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Old 02-19-11, 04:09 AM   #9
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Not sure if this is a help or not... Clenaing and Polishing Paint, Metal and Fabric.

Also, I start by cleaning dirt off of a rim and I use only the green scrubbie pad. I rarely use solvents, but that is just me.

Hope this is a help.
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Old 02-19-11, 07:19 AM   #10
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I've had real good luck starting with 400 grit wet/dry sandpaper, use it wet. Then move on to 600 or 800, finish up with 1500 or 2000 grit. Then hit it with Mother's mag and aluminum polish. I had a set of original MAFAC brake levers on my Mercier that were pretty scuffed up. I did that treatment to them and they look great.
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Old 04-25-11, 09:47 AM   #11
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Same exact wheel and issue

I just picked up the same exact wheel and am looking to do the same. i would love to see the results and what you ended up using on it!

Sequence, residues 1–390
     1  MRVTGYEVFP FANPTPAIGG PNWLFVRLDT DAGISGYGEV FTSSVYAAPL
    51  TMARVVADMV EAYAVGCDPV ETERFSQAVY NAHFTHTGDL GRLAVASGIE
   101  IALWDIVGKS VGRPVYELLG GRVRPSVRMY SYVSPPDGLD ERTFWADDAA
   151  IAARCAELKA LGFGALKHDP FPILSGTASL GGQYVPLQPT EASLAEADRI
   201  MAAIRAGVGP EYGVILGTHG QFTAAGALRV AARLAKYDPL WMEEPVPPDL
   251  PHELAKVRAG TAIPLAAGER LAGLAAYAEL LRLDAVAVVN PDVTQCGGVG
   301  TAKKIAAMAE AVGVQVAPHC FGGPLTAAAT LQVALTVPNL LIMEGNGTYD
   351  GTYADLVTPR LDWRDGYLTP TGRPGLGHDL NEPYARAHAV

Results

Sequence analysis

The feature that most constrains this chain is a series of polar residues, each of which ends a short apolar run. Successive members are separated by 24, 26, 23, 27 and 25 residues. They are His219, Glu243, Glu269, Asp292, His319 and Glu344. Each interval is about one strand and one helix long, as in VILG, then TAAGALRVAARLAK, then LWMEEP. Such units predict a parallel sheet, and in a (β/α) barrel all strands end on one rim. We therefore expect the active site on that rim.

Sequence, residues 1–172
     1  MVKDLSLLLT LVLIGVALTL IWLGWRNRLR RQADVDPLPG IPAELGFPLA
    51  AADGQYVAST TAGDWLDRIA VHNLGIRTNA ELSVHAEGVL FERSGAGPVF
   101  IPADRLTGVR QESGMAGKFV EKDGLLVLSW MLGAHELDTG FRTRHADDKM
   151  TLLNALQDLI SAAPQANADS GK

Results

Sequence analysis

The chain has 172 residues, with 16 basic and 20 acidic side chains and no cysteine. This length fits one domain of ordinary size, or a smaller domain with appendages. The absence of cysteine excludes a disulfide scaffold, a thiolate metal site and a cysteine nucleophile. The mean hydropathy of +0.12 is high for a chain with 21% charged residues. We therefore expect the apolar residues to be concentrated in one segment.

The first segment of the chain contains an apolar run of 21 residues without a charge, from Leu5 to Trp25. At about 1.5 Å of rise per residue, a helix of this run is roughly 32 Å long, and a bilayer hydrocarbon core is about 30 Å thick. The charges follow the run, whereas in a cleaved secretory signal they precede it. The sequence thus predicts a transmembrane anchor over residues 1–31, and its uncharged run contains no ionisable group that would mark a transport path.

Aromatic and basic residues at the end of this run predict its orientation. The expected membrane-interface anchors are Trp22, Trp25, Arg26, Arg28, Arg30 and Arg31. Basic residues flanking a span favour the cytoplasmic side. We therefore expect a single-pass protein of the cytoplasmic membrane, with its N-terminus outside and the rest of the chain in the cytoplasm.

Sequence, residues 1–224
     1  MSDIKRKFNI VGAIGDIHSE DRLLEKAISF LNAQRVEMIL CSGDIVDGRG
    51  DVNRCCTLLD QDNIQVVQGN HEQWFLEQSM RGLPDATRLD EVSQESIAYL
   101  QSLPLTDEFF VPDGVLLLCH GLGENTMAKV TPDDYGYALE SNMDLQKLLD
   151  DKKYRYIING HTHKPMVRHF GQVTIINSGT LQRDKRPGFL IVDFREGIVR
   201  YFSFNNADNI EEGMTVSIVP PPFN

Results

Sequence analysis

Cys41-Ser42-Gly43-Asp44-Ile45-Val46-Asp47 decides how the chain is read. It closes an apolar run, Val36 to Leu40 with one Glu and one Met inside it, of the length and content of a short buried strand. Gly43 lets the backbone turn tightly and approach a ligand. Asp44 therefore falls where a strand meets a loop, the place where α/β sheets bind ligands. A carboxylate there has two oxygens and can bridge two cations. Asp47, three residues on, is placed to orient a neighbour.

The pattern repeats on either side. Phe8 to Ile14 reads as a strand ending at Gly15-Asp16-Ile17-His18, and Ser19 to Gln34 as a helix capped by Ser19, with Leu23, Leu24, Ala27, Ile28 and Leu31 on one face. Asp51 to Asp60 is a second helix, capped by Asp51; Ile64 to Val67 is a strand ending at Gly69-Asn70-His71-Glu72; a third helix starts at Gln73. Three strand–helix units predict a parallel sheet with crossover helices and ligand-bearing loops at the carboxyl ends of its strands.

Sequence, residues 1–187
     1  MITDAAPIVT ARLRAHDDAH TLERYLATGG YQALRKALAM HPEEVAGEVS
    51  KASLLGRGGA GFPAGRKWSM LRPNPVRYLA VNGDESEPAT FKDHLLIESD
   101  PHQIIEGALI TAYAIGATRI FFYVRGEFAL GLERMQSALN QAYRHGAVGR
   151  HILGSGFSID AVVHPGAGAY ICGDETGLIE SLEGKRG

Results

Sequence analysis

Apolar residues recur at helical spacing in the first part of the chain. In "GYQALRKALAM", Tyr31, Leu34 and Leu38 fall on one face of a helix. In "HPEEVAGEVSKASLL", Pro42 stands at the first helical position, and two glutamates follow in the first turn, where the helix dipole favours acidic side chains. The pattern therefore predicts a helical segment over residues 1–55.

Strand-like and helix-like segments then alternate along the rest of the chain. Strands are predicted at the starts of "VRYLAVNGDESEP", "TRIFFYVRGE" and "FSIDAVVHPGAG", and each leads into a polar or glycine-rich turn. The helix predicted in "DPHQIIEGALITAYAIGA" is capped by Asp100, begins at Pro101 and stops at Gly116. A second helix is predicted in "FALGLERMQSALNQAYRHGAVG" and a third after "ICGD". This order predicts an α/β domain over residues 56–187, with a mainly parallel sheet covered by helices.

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Old 04-25-11, 10:33 AM   #12
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After removing the pad residue with solvent I would start with simple rubbing compound available at any auto store. It looks like the scratches are not that deep and sandpaper is probably not necessary. If the rubbing compound is not enough to get it smooth I'd go with 1000-grit wet-sand paper first with a pinch of dish soap in with the water. Alloy is really soft and it doesn't take much to dig in. If the 1000 was not getting the grooves out I would drop down to 600-grit wet-sand paper (with some soap) and smooth very carefully before working my way back up to 1000 and then rubbing compound -each step finer to remove the scratches made by the previous step until they are all gone with the rubbing compound.

Finish up with polishing compound and then mother's to seal it back up or the alloy will darken and gray out as it oxidizes again if exposed to air. Aluminum oxidizes if not protected by a clear coat, anodizing, or some form of wax to protect it from the air. Fortunately this thin surface oxidation actually seals and protects the alloy from any further oxidation unlike steel which keeps rusting/oxidizing. But alloy DOES oxidize on the surface if it is not treated/protected and will be a dull gray color eventually. Saltwater is even worse for bare aluminum and can cause nasty pitting if allowed to sit over time.


Do this polishing/sanding by hand or use a Dremel tool with a cloth wheel for the rubbing and polishing steps if you want to go faster. But do the sanding by hand with a LIGHT touch as it is easy to go too fast.

You should end up with a beautiful polish that looks nice. Even without the anodizing it can be made to look almost as shiny as chrome and if Mother's alloy rim polish is used on it the finish will stay shiny for a long time.